Applications are now invited for the MA in Criminology at the School of Social Sciences and Law, Dublin Institute of Technology; the deadline for applications is 29th April, 2013.
Criminology is an exciting inter-disciplinary subject that draws on sociology, psychology and law to focus on issues such as the causes of crime, the meaning of crime and community or societal reactions to crime.
The MA in Criminology provides students with a strong theoretical grounding in, and understanding of, contemporary criminological issues as well as advanced training in research skills.
The first of its kind in Ireland, the programme has attracted many students working in the broad criminal justice area. It is highly relevant for practitioners such as lawyers, gardai, social workers, social care workers, psychologists, youth workers and related professionals. The programme also provides a good grounding for those seeking to pursue careers in research in the broad social sciences field or for those seeking to pursue higher qualifications (such MPhil or PhD degrees).
Applicants will normally hold a second class honours degree (Level 8), lower division (2.2) or higher in the area of social science, law, sociology, psychology or cognate discipline. Applicants who do not meet the minimum academic requirements, but who have significant professional or vocational experience in the criminal justice system shall also be considered. In addition to an application form, this latter category may also be asked to present for interview.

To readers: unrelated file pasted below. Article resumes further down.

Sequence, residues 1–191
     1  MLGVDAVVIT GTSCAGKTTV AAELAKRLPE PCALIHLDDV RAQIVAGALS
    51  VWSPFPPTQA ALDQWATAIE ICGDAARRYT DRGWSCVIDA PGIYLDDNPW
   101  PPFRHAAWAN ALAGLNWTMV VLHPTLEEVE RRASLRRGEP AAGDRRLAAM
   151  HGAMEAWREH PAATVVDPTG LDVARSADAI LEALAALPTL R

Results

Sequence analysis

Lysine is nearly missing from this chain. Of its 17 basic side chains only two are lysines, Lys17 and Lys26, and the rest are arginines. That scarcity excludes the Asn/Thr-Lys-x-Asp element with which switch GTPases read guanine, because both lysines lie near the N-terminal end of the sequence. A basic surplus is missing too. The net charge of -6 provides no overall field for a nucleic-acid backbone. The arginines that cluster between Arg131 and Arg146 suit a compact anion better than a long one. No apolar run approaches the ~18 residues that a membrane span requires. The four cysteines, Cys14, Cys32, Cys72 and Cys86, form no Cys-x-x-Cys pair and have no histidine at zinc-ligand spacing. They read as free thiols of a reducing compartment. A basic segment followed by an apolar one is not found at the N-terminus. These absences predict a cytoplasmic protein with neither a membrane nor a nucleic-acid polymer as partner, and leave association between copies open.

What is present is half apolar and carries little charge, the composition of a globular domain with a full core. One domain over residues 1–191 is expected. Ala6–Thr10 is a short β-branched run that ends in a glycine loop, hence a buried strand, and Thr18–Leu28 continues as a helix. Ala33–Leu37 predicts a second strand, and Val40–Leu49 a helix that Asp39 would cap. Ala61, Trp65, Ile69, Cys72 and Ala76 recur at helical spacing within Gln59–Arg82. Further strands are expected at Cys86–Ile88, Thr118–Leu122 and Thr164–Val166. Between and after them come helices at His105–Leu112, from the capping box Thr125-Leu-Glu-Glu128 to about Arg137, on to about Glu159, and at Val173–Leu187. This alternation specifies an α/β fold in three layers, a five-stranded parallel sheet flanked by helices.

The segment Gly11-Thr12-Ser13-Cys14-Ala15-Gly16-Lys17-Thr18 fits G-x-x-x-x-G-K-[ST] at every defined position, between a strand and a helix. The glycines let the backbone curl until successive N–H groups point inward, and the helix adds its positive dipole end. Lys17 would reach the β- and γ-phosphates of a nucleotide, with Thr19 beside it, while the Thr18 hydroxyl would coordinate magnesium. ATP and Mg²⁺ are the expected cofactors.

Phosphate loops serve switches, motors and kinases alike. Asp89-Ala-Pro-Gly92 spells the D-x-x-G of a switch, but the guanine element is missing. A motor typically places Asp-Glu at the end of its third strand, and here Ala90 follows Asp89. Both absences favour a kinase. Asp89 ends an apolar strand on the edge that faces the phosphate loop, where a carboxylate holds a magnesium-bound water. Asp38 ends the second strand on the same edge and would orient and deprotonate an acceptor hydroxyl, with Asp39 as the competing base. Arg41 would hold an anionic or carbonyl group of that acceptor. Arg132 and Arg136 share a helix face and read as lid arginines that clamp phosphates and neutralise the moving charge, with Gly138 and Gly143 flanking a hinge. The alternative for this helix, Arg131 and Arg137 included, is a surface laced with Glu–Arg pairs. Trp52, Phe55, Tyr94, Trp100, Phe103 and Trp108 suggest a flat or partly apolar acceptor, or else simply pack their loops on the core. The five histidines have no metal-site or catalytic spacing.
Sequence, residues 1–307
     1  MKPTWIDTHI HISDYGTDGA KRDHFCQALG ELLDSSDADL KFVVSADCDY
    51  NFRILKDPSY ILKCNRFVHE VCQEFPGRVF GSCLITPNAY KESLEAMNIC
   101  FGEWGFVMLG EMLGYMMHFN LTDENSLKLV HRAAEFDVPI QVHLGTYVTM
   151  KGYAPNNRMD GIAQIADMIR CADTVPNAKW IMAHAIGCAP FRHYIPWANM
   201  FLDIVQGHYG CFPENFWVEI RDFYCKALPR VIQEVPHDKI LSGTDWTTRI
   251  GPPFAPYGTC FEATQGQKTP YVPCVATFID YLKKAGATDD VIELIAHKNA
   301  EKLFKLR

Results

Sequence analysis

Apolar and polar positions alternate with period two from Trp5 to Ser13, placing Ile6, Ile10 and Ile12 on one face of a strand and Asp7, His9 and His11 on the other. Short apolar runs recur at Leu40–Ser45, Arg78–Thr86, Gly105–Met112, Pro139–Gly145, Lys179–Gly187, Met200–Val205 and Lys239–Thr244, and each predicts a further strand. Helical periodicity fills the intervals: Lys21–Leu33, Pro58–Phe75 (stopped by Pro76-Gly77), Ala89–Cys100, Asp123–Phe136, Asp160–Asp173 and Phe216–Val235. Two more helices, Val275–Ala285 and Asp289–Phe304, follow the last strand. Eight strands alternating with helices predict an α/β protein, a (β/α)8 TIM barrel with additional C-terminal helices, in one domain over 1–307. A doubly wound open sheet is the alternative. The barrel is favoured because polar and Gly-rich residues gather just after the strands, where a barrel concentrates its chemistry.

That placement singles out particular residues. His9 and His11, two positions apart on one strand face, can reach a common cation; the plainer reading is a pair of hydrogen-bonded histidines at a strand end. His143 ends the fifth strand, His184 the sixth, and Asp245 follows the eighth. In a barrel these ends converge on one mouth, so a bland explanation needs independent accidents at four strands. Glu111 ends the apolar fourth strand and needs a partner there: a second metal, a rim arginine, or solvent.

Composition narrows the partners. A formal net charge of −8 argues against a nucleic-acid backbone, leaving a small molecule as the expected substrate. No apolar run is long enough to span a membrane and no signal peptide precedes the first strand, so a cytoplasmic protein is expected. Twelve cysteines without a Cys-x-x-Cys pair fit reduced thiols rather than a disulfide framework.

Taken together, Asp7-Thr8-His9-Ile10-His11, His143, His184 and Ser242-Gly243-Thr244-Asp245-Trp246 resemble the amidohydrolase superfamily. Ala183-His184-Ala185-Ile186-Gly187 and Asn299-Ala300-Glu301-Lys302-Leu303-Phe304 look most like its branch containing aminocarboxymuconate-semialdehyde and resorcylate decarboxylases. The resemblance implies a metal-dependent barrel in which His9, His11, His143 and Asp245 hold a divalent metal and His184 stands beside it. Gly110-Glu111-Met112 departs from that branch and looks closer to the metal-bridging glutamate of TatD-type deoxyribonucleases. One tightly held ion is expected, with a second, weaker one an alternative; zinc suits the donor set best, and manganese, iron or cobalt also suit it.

[Note: Due to the considerable competition for this programme, satisfying the minimum entry requirement may not guarantee applicants a place. Applications will be assessed based on academic grades and may also take into account your work/life experience.]
IPRT Prize for academic excellence on the MA in Criminology
IPRT is delighted to sponsor a prize for outstanding performance in a thesis related to penal reform by a student on the MA in Criminology.Ms Judy McAvoy has been awarded the 2013 IPRT prize, for her thesis entitled 'Birds of a Feather? Irish Public Attitudes towards Sex Crime and Sex Offender Reintegration. Is there a Publically Perceived Scale of Sexual Deviance?' The thesis explored levels of punitiveness and responses to reintegrative measures and policies.